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China Plans Renovation Project for Potala Palace in Tibet

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    • China Plans US$1.5-million Renovation Project for Potala Palace in Tibet

      Craig Lewis Buddhistdoor Global | 2017-10-11 |

      A “large-scale” 10-million-yuan (US$1.5 million) renovation project is planned for Tibet’s iconic Potala Palace, Chinese state media announced. The initiative, approved by the State Administration of Cultural Heritage (SACH), will focus on preserving the palace’s gold-plated roof and improving onsite security and surveillance systems at the complex, Xinhua News Agency reported.

      Sitting atop Red Mountain in the center of the Lhasa Valley at an altitude of 3,700 meters, the Potala Palace, named after Mount Potalaka, the mythical abode of the bodhisattva Avalokitesvara, was originally constructed during the 7th century and has since undergone several major reconstructions. Considered a masterpiece of Tibetan architecture, the complex is a major landmark and symbol of Tibetan Buddhism because of its central role in the traditional administration of Tibet and remains a major pilgrimage site for Tibetan Buddhists. The existing structure, which was listed as a UNESCO World Heritage Site in 1994, was completed in 1694 following a 45-year construction effort initiated by the 5th Dalai Lama, and later expanded to its current size by the 13th Dalai Lama in the early 20th century.

      An official from the SACH noted that the renovation project would focus on protecting and extending the life of the palace’s ornate roof, which has been damaged by prolonged exposure to the harsh Himalayan climate. The SACH is an administrative agency under the Ministry of Culture charged with the management and development of museums, and the protection of sites and relics of national cultural significance.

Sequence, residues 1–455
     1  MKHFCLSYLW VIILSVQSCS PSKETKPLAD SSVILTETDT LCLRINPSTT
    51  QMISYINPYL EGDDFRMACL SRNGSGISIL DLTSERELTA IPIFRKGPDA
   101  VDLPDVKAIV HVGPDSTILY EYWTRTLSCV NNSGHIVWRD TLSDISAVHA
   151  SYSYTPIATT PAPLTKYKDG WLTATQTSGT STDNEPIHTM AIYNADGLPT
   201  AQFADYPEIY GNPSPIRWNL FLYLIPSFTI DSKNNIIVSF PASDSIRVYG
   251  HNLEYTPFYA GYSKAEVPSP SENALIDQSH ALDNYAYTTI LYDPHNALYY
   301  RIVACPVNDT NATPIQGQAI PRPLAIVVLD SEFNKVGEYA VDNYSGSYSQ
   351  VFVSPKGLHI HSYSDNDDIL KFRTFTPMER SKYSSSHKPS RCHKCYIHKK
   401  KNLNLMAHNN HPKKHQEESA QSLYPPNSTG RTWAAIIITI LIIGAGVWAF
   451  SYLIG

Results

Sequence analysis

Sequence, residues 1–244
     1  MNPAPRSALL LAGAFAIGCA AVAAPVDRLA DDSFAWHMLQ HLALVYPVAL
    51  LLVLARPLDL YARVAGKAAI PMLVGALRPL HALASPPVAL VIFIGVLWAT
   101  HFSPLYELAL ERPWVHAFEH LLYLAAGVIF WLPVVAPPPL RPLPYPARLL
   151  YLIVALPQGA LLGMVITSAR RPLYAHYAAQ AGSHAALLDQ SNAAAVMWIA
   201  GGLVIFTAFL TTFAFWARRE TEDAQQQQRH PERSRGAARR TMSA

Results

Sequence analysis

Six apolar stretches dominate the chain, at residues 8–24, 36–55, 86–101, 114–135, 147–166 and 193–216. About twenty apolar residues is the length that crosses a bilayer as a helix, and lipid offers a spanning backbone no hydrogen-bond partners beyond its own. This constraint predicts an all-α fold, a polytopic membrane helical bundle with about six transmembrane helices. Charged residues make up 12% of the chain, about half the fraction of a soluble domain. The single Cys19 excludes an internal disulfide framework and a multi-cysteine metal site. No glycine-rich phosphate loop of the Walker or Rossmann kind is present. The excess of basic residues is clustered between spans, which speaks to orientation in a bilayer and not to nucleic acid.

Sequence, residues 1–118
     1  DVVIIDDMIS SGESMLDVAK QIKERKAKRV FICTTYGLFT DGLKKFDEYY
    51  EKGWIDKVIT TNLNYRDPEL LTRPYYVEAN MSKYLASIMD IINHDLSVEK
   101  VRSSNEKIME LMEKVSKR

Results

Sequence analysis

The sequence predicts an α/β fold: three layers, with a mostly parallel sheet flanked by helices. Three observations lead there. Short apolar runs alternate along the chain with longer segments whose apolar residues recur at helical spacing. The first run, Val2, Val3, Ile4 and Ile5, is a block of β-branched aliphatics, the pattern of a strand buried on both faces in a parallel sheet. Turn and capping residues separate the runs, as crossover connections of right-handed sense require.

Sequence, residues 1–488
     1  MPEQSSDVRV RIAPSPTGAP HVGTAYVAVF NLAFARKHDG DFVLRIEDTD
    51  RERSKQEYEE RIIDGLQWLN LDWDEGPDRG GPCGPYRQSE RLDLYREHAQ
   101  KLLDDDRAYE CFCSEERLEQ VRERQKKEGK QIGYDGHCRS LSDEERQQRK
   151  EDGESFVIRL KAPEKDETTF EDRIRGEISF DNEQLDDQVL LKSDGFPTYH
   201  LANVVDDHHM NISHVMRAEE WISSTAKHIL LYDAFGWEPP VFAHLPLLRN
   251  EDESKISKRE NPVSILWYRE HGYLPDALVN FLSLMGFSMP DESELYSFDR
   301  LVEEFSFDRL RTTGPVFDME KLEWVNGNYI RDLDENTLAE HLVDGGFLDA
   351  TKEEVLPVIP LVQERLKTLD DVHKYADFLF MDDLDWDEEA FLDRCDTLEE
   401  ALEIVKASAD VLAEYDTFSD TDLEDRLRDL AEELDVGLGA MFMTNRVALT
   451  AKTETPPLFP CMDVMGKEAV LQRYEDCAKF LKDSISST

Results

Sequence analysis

Originally the official winter residence of the Dalai Lama, the Potala Palace complex, which comprises more than 1,000 rooms and halls spread over 13 floors of the Red and White Palaces and numerous chapels and ancillary buildings, has since been converted into a public museum housing 698 murals, nearly 10,000 thangkas, some 10,000 shrines, and more than 200,000 statues, carpets, canopies, curtains, porcelain, jade, gold and silver objects, as well as an extensive library of sutras and historical documents.

      The imposing walls, gates, and turrets, constructed from rammed earth and stone, are built to withstand earthquakes as the Himalayan region is prone to seismic disturbances. The White Palace houses the main ceremonial hall containing the throne of the Dalai Lama, with his private residence and audience hall at the uppermost level. The Red Palace, which contains gilded burial stupas of past Dalai Lamas, is devoted to Buddhist study and prayer, comprising halls, chapels, libraries, as well as smaller galleries and passages. Situated in the west of the complex is Namgyel Dratshang, the private monastery of the Dalai Lama.

      The nearby 7th century Jokhang monastery, considered the most sacred Buddhist temple in Tibet, and the 18th century Norbulingka, the former summer residence of the Dalai Lamas, were added to the UNESCO World Heritage Site in 2000 and 2001, respectively.

       

      The palace is the most popular and recognized tourist attraction in Tibet: an estimated 1.37 million domestic and international tourists visited the landmark in 2016, according to Xinhua. Earlier this year, four squat toilets built some 300 years ago and located at either end of the complex were replaced by modern washroom facilities inside wooden structures designed to blend in with architecture of the neighboring buildings. The news agency stated that the central government has spent close to 3 billion yuan (US$455.9 million) protecting the cultural heritage of the Tibet Autonomous Region over the past two decades.

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